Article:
Always on Avaliability Groups log growth in Disaster recovery situation

  • In my Always on Avaliability group setup there are four nodes in the cluster in two datacenters, an avaliability group has for replicas, one on each node. Two replicas in the same datacenter have sync replication for HA and the other two replicas in the other datacenter are async for DR purposes.

    My company wants to perform a Disaster recovery test in the form of simulating one datacenter going down from Friday night to Sunday afternoon.

    When the primary datacenter has gone down I can manually fail the AGs from the primary to the secondaries, we ave good latency so any data loss will be very negligable.

    However the one thing that concerns me is how to handle the logs on replicas that are up and running in the DR site, which will grow and grow as the secondary replicas will be down and the log files cannot be backed up.

    I had planned to just let the logs grow for the period of time (friday night to Sunday afternoon) and when the secondary replcias were brought back up let the databases sync up again and fail back. There is a decent amount of space on the disc drive for the logfiles.

    I am not sure if I can let this situation happen for this long amount of time, the only other option I can see is removing the secondaries that are offline and then recreating and reseeding the databases when the Primary site is back. But I really don't want to have to do this as it will be a substantial amount of Databases and will take quite a bit of time.

    Is there any way I can handle it better than just letting the log files grow?

  • Usually, failing back is part of a DR test.  If you decide to remove the secondary's, and rebuild them, will that be considered a successful DR test?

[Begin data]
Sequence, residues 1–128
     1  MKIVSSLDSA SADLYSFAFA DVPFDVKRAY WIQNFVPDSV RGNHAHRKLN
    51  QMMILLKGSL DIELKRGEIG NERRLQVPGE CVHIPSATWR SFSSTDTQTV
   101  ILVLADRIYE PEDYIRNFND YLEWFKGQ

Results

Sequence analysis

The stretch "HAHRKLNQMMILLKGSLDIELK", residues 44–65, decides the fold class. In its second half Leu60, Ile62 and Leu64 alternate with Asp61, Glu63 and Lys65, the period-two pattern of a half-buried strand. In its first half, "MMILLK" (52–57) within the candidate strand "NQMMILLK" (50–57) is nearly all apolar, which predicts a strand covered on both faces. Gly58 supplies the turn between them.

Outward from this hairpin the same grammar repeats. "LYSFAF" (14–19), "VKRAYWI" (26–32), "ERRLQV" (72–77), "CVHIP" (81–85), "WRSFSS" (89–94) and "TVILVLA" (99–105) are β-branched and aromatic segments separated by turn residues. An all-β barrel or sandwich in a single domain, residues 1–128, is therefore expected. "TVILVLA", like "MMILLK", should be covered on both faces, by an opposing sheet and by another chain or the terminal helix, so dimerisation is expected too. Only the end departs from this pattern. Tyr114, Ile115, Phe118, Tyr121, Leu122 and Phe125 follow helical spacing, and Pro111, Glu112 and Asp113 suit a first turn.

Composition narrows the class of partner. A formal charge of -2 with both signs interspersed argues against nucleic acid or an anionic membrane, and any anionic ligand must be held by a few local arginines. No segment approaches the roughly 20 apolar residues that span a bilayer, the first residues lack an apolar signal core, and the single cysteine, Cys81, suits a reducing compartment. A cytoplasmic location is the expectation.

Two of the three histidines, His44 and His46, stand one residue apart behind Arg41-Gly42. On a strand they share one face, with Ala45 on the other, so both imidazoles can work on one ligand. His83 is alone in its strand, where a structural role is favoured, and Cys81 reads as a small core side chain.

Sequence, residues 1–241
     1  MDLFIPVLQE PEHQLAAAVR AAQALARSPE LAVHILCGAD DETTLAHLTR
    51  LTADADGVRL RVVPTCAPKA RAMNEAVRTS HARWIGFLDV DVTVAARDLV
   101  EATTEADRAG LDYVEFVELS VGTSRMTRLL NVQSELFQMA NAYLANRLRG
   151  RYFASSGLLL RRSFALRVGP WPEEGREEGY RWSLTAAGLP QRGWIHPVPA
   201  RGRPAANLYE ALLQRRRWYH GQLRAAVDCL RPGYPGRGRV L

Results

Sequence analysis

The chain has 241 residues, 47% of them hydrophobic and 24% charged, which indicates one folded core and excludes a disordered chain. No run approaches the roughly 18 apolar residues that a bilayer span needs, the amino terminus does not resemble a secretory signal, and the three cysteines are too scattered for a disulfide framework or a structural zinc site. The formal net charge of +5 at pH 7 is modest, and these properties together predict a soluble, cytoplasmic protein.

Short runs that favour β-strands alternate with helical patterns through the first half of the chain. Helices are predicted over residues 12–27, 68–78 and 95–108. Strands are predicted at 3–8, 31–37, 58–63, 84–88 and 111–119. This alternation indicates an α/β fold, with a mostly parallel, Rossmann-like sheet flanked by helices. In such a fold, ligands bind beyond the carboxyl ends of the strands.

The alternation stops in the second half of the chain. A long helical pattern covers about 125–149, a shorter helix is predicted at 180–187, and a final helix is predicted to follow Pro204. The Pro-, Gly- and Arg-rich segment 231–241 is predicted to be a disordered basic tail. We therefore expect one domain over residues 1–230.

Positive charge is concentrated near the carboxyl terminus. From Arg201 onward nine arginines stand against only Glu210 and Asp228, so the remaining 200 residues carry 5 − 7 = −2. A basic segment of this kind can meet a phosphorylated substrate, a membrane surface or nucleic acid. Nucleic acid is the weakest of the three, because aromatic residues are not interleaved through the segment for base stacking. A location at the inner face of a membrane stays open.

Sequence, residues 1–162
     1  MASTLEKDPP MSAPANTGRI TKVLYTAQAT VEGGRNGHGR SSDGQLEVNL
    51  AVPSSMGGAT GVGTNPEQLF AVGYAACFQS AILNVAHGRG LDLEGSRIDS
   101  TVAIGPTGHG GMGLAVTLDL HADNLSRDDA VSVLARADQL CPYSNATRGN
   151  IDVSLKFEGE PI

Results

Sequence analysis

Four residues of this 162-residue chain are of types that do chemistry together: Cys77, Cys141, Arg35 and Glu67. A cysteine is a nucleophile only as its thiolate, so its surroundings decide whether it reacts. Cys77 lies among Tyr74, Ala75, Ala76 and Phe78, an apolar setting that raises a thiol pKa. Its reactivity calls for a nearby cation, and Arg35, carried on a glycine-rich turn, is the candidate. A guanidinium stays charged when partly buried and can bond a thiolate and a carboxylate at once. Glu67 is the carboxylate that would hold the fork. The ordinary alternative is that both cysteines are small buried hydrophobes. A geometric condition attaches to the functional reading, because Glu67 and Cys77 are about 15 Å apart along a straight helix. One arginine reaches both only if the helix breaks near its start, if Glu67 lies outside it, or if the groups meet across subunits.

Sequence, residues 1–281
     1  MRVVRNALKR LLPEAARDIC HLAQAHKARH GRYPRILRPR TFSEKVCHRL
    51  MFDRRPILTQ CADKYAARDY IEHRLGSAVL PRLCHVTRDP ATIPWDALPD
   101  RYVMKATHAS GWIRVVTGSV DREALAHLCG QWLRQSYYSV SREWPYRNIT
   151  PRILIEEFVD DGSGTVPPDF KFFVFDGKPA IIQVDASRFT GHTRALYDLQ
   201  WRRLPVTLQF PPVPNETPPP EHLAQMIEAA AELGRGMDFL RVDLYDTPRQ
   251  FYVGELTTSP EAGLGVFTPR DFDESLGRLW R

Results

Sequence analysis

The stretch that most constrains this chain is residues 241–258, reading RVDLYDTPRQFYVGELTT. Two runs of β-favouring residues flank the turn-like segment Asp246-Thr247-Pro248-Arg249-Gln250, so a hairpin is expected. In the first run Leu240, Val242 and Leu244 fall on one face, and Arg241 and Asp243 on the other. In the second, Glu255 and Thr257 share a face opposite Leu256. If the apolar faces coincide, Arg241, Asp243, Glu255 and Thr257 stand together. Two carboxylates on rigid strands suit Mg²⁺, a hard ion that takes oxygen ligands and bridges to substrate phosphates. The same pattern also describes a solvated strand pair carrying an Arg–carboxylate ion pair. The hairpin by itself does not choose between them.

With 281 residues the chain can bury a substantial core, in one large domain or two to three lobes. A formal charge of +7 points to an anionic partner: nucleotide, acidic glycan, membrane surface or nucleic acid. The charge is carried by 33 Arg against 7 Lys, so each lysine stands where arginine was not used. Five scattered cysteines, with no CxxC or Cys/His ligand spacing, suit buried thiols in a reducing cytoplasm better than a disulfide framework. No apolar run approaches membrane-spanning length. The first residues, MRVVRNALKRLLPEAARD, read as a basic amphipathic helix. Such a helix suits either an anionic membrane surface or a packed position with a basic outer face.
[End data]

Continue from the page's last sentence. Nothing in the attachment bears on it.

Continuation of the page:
Are your concerns about the log files growing based upon baselines you have captured, or a best guess?  Is the worry that you will run out of space, or that the logs will take a long time to catch up, making the fail back take a significant amount of time?

    Also, in the DR test, is activity going to be at a "normal" level?  Will the users be doing the same level of activity on the databases?  I'm guessing that it will be far less, making the log growth also smaller.

    As an example, I have 1.3 TB of databases in our production system. The "worst" database for log growth is between 80 and 120 GB per day, depending upon the day of the week.

    We had to fail over to our DR site a few weeks back. Connectivity to the 2 servers in the primary DC was down for 2 days.  When the servers came back online and the data started syncing again, it took less than 40 minutes for the data be synced up.  The disks that hold the log files were never in any danger of filling up.


    So, my answer is leave the logs grow.  That being said, assuming that you are fairly certain that they will not fill the disks.

    Michael L John
    If you assassinate a DBA, would you pull a trigger?
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